A Key Driver of Poverty in Philadelphia? The Changing Nature of Work

While blue-collar jobs have dwindled, many jobs have moved to the suburbs

A Key Driver of Poverty in Philadelphia? The Changing Nature of Work
Poverty in Philadelphia

A web developer works at Indy Hall, a co-working space in Philadelphia.

© Lexey Swall/Grain/The Pew Charitable Trusts

The types of jobs available in the Philadelphia region—and the locations of those jobs—have shifted over the past 40 years as the city’s poverty rate has increased, according to a recent report by The Pew Charitable Trusts.

In 1970, when Philadelphia’s poverty rate was more than 10 points lower than it was in 2016, industrial production and other blue-collar occupations made up the largest share of the city’s jobs. By 2016, the number of Philadelphians working in such jobs had fallen by more than half. In 2016 dollars, median annual earnings for male Philadelphians over age 16 were $48,460 in 1970 compared with $36,210 now, while earnings for women increased from $26,420 to $31,505.

Over the same period, the share of Philadelphians working in management and professional positions grew by 85 percent. According to the U.S. Bureau of Labor Statistics, most of these jobs require a bachelor’s degree or higher, which 87 percent of the city’s poor residents do not have. Another sector, service employment—which includes food preparation—grew by 56 percent. Most of this work does not require advanced education, and the pay is relatively low. Of the 10 sales and service job categories with the most employees in Philadelphia and Delaware County in May 2016, all had median annual earnings below $29,250.

Suburbanization of jobs

Coinciding with the growth in poverty in Philadelphia has been the movement of jobs from the city to the suburbs.

Poverty in Philadelphia

Since 1970, the number of jobs in Philadelphia has declined substantially, although it has increased somewhat in recent years. At the same time, total employment has more than doubled in the seven suburban Pennsylvania and New Jersey counties closest to Philadelphia. That combination—fewer jobs in the city and more in the suburbs studied—has made it harder for many city residents to find work. In addition, overall job growth in the region has been slow compared with that of the nation as a whole.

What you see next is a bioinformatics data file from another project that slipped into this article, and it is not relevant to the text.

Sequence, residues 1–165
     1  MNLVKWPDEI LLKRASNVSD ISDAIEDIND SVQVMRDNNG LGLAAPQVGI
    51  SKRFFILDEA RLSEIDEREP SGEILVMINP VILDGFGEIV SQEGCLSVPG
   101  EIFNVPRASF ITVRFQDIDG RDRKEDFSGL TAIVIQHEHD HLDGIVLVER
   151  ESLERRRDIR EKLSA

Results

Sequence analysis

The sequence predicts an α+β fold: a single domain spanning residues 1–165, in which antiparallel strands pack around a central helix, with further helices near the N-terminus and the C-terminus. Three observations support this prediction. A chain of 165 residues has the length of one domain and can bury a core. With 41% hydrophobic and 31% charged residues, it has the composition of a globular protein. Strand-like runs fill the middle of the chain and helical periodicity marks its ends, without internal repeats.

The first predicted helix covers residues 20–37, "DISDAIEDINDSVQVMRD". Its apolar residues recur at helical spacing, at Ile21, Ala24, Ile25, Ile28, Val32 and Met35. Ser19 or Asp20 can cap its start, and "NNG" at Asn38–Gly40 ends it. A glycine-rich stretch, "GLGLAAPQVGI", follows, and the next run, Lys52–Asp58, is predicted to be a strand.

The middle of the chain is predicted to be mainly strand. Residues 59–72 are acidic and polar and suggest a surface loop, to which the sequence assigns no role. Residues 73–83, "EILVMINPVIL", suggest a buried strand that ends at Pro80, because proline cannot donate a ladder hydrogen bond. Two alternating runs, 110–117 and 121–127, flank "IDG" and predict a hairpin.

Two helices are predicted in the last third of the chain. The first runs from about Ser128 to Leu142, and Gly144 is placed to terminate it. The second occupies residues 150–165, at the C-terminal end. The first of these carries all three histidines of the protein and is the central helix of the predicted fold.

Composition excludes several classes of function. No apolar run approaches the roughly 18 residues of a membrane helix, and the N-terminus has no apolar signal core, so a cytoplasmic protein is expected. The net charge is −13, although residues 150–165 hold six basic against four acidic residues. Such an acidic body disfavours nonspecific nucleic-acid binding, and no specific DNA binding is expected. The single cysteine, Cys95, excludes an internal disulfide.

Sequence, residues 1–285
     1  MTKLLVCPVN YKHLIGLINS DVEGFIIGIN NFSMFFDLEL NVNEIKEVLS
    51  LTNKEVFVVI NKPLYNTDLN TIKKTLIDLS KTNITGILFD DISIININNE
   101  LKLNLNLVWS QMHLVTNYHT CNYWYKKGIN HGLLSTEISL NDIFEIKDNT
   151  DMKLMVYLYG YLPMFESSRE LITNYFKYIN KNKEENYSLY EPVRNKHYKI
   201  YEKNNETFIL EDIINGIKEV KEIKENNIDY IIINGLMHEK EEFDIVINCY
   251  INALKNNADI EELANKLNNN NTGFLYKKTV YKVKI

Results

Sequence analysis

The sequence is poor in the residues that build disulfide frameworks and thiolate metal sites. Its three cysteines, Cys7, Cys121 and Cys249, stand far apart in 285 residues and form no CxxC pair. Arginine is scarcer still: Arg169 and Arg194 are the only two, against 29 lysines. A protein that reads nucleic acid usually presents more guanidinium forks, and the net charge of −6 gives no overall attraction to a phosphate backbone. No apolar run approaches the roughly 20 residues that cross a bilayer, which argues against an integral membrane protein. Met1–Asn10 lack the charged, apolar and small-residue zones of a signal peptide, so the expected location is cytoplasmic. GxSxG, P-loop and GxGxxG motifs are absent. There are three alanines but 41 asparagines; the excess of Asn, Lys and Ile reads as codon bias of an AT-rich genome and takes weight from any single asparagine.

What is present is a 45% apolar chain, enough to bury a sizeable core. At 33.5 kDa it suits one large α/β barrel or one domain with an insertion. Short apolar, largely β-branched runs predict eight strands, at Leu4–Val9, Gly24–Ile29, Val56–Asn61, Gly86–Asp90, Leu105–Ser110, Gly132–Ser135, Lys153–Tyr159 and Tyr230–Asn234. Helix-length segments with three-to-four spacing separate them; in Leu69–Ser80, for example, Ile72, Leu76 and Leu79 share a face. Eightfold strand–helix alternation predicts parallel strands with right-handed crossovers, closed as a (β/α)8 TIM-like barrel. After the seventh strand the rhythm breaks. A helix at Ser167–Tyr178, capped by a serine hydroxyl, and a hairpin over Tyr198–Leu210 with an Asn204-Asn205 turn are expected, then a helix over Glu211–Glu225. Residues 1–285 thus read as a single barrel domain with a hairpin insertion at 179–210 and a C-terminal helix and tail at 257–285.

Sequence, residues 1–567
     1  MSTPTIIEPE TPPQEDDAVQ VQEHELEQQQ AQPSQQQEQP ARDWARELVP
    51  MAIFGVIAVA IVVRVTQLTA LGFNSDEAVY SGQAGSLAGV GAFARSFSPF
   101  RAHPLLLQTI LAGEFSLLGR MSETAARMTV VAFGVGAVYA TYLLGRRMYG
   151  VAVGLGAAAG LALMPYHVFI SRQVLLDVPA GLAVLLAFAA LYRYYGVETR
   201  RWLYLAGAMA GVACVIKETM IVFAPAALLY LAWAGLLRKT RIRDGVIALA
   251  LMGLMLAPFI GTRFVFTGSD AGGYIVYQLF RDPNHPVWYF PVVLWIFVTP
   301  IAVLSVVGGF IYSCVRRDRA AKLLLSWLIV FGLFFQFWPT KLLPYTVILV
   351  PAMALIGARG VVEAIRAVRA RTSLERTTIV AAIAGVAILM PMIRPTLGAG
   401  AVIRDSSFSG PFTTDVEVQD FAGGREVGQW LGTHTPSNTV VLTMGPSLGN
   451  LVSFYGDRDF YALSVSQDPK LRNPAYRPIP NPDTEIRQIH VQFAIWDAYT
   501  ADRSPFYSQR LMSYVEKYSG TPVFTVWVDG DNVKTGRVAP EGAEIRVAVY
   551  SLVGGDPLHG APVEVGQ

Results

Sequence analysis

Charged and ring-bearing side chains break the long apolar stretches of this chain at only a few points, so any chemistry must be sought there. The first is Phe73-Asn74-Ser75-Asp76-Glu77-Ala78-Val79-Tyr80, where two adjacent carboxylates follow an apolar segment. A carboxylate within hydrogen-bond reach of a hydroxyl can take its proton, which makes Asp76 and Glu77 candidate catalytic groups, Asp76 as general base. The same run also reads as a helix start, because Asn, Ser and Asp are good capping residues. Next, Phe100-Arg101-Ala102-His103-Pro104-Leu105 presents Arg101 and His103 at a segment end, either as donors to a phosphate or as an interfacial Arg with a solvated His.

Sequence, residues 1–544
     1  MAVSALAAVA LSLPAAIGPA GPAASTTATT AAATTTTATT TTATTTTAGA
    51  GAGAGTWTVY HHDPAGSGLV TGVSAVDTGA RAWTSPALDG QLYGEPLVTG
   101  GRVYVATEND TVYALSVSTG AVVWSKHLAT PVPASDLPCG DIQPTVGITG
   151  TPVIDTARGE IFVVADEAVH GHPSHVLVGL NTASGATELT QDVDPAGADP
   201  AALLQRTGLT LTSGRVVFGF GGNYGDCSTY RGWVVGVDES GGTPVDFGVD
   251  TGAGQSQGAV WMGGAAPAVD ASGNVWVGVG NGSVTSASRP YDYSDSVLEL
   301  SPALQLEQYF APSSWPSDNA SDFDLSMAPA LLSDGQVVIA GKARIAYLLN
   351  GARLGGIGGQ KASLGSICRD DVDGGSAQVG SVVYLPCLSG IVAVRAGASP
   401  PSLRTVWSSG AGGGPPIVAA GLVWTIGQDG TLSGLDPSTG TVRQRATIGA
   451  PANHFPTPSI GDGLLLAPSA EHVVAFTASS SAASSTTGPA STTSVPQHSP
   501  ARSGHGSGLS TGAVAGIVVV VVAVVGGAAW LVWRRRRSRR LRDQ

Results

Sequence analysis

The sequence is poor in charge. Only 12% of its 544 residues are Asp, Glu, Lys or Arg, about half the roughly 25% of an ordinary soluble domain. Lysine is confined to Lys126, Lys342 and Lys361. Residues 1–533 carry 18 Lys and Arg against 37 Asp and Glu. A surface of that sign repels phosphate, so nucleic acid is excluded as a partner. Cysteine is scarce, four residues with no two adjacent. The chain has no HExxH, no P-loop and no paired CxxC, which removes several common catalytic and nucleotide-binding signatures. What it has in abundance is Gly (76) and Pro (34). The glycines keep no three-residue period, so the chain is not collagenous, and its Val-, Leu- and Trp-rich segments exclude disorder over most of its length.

For more statistics and charts on the demographics of poverty in Philadelphia, including comparisons with other cities and regions, read our full report, “Philadelphia’s Poor: Who They Are, Where They Live, and How That Has Changed.”

Larry Eichel directs The Pew Charitable Trusts’ Philadelphia research initiative; Octavia Howell is a researcher on the team and author of the report.

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Poverty in Philadelphia
Poverty in Philadelphia
Report

Philadelphia's Poor: Who they are, where they live, and how that's changed

Who they are, where they live, and how that has changed.

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Poverty is one of Philadelphia’s most enduring problems. At 25.7 percent, the poverty rate is the highest among the nation’s 10 largest cities. About 400,000 residents—including roughly 37 percent of the city’s children under the age of 18—live below the federal poverty line, which is $19,337 in annual income for an adult living with two children. And nearly half of all poor residents are in deep poverty, defined as 50 percent below the federal poverty line.

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Poverty in Philadelphia
Poverty in Philadelphia
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Poverty in Philadelphia

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The impact of Philadelphia’s high poverty rate reaches far beyond the residents who struggle on a daily basis: The high rate limits the tax revenue available to support government services, increases the demand for those services, and weighs on the economic performance of the city as well as the region. Many issues facing Philadelphia—including crime, health, and public education—are rooted in the economic status of its less well-off residents. The Pew Charitable Trusts’ research on this topic examines the demographics and geography of poverty in Philadelphia, making comparisons over time and among cities.